Berlin Bids Farewell to Allied Troops as 49-Year Presence Ends : Europe: American, British and French forces came as conquerors and grew to be seen as protectors.
With concerts, speeches and a torchlight military parade through the richly symbolic Brandenburg Gate, the people of Berlin said a long, ornate goodby Thursday to the American, British and French troops who have occupied much of this city since the end of the Second World War.
The Western Allies came as conquerors in the early summer of 1945, but they quickly came to be seen as vital protectors by Germans living outside the areas administered by the fourth World War II Ally, the Soviet Union--zones that would in 1949 become East Germany. The departure of the Western soldiers Thursday was seen by many here as closing the final, triumphant chapter in the history of the Cold War.
The last Russian troops left one week ago.
“We thank our American, British and French friends,” said German Chancellor Helmut Kohl in one of many speeches by him, U.S. Secretary of State Warren Christopher, British Prime Minister John Major and French Defense Minister Francois Leotard.
“We will always remember that it was the presence of your soldiers that made it possible to breathe freely in Berlin,” said Kohl. “They paid for the freedom of Berlin, and thus for the freedom of the whole of Germany. For this, they deserve our lasting gratitude. Today, as you leave Berlin, we can definitely say: Freedom has won.”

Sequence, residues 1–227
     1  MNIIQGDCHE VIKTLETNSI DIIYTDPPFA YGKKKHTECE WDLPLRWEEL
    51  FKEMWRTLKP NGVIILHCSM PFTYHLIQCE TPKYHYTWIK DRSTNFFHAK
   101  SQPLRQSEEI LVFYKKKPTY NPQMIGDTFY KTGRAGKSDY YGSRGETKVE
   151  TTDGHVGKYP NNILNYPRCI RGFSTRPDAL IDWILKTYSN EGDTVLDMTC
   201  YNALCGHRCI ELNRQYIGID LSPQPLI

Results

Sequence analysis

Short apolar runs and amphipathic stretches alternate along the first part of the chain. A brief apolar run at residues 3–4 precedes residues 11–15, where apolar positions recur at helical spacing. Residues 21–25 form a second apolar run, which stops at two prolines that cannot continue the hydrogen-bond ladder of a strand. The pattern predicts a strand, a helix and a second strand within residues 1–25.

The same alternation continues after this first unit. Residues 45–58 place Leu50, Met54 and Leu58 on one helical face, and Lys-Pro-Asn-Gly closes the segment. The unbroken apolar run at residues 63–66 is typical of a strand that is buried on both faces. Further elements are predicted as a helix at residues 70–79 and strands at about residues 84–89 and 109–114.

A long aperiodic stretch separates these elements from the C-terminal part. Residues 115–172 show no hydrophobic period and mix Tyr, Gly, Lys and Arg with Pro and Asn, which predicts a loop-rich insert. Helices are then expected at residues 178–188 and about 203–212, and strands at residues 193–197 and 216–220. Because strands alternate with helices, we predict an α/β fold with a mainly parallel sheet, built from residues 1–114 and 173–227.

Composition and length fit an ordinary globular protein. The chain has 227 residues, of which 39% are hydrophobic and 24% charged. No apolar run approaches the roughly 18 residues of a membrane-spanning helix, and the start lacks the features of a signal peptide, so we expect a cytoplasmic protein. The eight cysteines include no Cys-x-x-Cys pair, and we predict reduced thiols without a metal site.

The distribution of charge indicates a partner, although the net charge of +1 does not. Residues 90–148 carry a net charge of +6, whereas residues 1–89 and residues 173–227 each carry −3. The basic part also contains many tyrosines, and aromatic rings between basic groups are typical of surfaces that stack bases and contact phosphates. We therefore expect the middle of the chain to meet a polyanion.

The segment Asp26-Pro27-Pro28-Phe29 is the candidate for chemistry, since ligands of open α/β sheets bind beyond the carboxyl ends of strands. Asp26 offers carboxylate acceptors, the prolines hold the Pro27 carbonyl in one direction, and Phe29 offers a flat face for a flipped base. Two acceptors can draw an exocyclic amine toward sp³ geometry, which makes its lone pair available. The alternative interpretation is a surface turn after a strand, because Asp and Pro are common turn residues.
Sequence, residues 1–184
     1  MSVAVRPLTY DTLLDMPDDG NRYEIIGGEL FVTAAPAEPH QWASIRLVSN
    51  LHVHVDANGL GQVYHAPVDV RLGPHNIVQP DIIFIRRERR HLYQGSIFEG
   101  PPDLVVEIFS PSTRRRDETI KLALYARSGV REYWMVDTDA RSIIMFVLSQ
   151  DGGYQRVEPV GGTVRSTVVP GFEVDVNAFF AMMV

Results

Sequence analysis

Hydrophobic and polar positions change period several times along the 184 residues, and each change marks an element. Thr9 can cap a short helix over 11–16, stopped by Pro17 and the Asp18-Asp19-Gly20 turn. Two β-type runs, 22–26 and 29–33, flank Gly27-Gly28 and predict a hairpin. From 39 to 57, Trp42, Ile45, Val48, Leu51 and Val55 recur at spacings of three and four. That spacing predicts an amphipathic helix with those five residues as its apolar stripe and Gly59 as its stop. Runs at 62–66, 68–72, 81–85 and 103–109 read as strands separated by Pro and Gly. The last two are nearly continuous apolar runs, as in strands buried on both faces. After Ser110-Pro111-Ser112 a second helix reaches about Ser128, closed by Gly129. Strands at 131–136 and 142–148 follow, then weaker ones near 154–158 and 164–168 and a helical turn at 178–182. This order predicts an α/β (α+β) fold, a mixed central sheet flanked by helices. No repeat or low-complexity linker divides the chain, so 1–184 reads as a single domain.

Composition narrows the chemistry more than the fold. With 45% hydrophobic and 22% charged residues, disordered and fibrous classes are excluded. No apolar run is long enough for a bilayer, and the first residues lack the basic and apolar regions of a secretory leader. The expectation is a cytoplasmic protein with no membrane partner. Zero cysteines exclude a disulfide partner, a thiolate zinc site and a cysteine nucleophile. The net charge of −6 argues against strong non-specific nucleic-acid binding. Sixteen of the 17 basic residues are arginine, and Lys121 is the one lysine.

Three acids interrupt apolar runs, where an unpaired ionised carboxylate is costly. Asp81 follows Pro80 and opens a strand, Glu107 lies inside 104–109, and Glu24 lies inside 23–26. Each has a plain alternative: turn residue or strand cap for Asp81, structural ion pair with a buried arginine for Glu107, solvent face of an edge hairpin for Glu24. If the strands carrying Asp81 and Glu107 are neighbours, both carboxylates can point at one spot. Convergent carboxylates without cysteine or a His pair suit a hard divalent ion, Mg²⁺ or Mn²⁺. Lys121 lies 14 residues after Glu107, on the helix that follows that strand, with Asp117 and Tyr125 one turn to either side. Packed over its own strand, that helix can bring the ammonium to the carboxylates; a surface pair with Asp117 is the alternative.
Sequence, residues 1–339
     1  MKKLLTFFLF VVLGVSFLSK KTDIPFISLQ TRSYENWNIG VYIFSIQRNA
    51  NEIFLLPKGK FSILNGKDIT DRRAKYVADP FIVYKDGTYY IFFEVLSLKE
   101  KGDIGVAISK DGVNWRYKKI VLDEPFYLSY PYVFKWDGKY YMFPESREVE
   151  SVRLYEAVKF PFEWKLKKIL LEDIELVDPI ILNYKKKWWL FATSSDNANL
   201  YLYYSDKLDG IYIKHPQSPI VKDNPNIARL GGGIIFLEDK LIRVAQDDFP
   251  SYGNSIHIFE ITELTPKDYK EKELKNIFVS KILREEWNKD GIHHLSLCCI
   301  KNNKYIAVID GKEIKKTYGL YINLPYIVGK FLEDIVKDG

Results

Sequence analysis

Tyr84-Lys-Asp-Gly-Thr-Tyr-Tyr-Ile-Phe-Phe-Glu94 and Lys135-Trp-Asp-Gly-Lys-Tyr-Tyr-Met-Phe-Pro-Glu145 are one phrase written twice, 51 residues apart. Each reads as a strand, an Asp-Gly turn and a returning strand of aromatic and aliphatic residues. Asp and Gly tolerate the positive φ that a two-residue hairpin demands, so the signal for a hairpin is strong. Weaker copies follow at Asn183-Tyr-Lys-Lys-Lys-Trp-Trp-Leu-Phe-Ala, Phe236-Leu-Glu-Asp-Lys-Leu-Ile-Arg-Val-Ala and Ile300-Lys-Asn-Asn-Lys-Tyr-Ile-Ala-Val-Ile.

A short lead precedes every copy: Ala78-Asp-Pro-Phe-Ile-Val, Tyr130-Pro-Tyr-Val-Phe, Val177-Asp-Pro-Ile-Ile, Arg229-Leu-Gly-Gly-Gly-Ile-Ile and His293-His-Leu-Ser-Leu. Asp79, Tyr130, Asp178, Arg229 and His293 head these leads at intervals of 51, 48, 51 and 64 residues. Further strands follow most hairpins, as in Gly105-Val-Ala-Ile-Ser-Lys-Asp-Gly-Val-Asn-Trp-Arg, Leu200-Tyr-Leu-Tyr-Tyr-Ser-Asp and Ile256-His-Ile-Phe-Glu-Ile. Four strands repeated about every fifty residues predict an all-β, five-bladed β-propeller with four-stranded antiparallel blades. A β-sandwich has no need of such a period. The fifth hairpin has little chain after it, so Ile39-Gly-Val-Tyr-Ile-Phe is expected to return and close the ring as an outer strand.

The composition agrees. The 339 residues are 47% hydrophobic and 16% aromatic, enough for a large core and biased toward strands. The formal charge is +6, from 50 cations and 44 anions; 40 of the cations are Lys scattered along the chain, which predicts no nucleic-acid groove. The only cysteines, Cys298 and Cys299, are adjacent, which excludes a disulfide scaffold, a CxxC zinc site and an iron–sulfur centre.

Although virtually all the Western Allied troops are now gone from Berlin, Germany will continue to host North Atlantic Treaty Organization troops, including about 100,000 American soldiers stationed in Germany as a sign of Washington’s ongoing commitment to NATO and as a base for U.S. operations elsewhere in the world.
In 1990, when the Eastern Bloc collapsed, there were about 250,000 American troops stationed in what was then West Germany.
Special tribute was paid Thursday to the American and British airmen who supplied Berlin with fuel and food in 1948 and 1949, when the Soviet Union blockaded the city in an attempt to force it into submission to communist rule.
“The (Berlin) airlift became a symbol of the steadfastness and solidarity of the Western democracies,” Kohl told a crowd of guests in front of Tempelhof Airport, one of several Berlin airfields used for the lift; today it is a commuter airport. “The entire world witnessed the Western Allies’ determination not to give way to the communist threat under any circumstances.”
In another speech at Tempelhof, Secretary of State Christopher briefly retold the history of the airlift, which began in June, 1948, after Josef Stalin, responding to U.S. attempts to contain communist aggression with massive economic aid to western Germany, blockaded all the land routes into Hitler’s former capital, leaving the city isolated deep inside the Soviet zone.
President Harry S. Truman then proposed feeding the entire population of Berlin--about 1.5 million at the time--by air, a daring and unconventional idea, which some of his top advisers said wouldn’t work because there weren’t enough suitable aircraft in Europe.